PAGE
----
“I’ve learned there are three things you don’t discuss with people: religion, politics and the Great Pumpkin.” -Linus
As a teacher, my grade level was never the one who went to the local pumpkin patch to pick pumpkins. So, when a friend told me he ran a pumpkin patch in Delaware (Yes, that’s where Pumpkin Chunkin’ is an art form and big competition.) I quickly volunteered to be the Pumpkin School Teacher.
This one time adventure turned into six years of incredible experiences teaching over 4,000 students a year all about pumpkins. I have researched the life cycle of pumpkins, types of pumpkins, the history of pumpkins, pumpkin contests, pumpkin decorations, and pumpkin recipes. I have tried every pumpkin and every recipe I could find–just so I could tell students what it looked like, how to cook it, and what was it’s taste. I know a “scary” amount about pumpkins.
This week I once again had the honor of teaching at a Pumpkin Patch School. It was a little bit hotter and a little bit more humid since it was in Texas. However, the pumpkins fascinated the children the same way they had in Delaware. In just 30 minutes, the students were able to learn over ten math concepts, ten vocabulary words, and ten scientific facts. They not only learned them, but they brought their parents back to the patch and were telling them all about the “Baby Bear,” the “Blue Hubbard,” the “Atlantic Giant,” and the “Lumina” pumpkins. The students learned that Atlantic Giants can be the size of a small car and have been used as a boat to go across a lake–that’s fascinating information!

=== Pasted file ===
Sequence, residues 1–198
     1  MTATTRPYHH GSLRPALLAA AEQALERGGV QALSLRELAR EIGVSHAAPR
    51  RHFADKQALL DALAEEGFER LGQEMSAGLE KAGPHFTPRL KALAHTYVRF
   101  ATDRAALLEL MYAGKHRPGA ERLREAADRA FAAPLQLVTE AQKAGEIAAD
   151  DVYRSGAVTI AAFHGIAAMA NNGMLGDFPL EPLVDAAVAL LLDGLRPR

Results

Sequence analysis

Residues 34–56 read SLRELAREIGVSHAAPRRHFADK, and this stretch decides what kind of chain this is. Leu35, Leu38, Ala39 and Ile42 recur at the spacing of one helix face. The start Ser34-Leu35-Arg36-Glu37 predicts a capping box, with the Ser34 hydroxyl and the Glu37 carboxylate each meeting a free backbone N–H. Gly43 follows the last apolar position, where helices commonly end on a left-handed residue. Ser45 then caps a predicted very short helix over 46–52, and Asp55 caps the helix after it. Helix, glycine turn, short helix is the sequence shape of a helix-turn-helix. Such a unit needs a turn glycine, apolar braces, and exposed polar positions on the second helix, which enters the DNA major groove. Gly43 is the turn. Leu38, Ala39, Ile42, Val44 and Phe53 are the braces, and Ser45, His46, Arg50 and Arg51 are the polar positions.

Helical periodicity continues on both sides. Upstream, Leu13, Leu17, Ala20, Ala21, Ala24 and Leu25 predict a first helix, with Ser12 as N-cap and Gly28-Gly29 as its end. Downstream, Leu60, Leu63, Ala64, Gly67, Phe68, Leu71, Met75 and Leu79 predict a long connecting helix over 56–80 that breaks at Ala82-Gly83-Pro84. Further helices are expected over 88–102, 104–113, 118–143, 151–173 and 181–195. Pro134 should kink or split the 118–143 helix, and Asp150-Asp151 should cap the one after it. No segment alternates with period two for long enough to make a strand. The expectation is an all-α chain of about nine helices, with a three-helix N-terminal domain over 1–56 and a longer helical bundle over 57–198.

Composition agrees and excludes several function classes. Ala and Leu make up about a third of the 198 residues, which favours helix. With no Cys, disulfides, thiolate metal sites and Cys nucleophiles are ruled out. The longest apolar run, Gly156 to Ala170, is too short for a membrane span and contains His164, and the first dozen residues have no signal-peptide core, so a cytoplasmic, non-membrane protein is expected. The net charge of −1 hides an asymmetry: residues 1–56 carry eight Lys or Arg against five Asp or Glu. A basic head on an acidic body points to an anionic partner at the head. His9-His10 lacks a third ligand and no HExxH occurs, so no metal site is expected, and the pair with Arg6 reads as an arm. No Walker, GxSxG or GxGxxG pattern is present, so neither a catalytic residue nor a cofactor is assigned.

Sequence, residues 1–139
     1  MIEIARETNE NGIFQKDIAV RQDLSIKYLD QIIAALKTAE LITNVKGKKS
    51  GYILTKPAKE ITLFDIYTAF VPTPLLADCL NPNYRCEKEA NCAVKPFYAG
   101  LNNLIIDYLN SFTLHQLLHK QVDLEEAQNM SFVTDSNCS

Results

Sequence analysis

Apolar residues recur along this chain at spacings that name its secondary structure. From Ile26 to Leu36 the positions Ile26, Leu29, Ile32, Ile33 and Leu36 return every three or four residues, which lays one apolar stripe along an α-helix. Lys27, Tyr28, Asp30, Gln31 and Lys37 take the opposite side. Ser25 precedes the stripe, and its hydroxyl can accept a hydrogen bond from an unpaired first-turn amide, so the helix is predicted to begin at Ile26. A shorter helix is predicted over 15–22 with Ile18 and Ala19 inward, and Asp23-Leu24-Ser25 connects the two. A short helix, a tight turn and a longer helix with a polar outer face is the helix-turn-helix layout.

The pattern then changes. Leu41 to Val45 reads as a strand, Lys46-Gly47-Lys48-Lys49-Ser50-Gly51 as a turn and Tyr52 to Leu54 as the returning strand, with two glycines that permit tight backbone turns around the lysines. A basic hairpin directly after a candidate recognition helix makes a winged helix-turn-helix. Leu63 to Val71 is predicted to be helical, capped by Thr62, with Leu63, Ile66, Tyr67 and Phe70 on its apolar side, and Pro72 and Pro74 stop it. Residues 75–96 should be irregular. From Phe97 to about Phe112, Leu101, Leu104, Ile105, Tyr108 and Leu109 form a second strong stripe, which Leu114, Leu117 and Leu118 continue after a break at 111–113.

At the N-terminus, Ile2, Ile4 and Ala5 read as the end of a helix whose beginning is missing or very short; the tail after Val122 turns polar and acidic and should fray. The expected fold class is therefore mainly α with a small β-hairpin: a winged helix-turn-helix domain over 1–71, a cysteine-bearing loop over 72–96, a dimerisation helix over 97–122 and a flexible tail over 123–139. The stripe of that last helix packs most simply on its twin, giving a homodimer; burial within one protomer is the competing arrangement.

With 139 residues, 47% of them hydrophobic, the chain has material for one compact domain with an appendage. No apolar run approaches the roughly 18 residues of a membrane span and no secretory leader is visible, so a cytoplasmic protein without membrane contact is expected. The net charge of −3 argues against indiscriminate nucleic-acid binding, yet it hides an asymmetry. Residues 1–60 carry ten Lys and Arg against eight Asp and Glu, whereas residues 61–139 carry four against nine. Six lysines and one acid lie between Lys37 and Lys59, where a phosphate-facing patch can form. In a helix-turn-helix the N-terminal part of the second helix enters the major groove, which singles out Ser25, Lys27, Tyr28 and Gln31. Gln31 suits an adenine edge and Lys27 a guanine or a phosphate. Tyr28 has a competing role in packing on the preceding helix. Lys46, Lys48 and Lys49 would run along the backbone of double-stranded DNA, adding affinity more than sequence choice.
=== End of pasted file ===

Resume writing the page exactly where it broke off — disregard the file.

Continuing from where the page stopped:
Because the Pumpkin School is hands-on and meaningful, the students learn and remember that pumpkins grow from seeds and the pumpkin only grows if a bee brings pollen from the male flower of the pumpkin to the female flower of the pumpkin. They can tell you about how many seeds are in a Baby Bear Pumpkin (weighs about 1 lb) and a Howden Pumpkin (weighs 5-15 lbs). They learn that gourds are inedible and just used for decoration. (The need for gourds in a pumpkin patch really stumps pre-kindergarteners. Since they can’t be eaten, why bother to grow them?) So much can be done with a pumpkin!
There are many resources on the web to help you explore pumpkins. I’ll post some of those links next week. To get you started, here’s a simple sheet with easy to do activities to develop the mathematical knowledge in your classroom or home—and, have fun at the same time!
Charlie Brown: Oh brother. When are you going to stop believing in something that isn’t true?
Linus: When YOU stop believing in that fat guy in a red suit and the white beard who goes, “Ho, ho, ho!”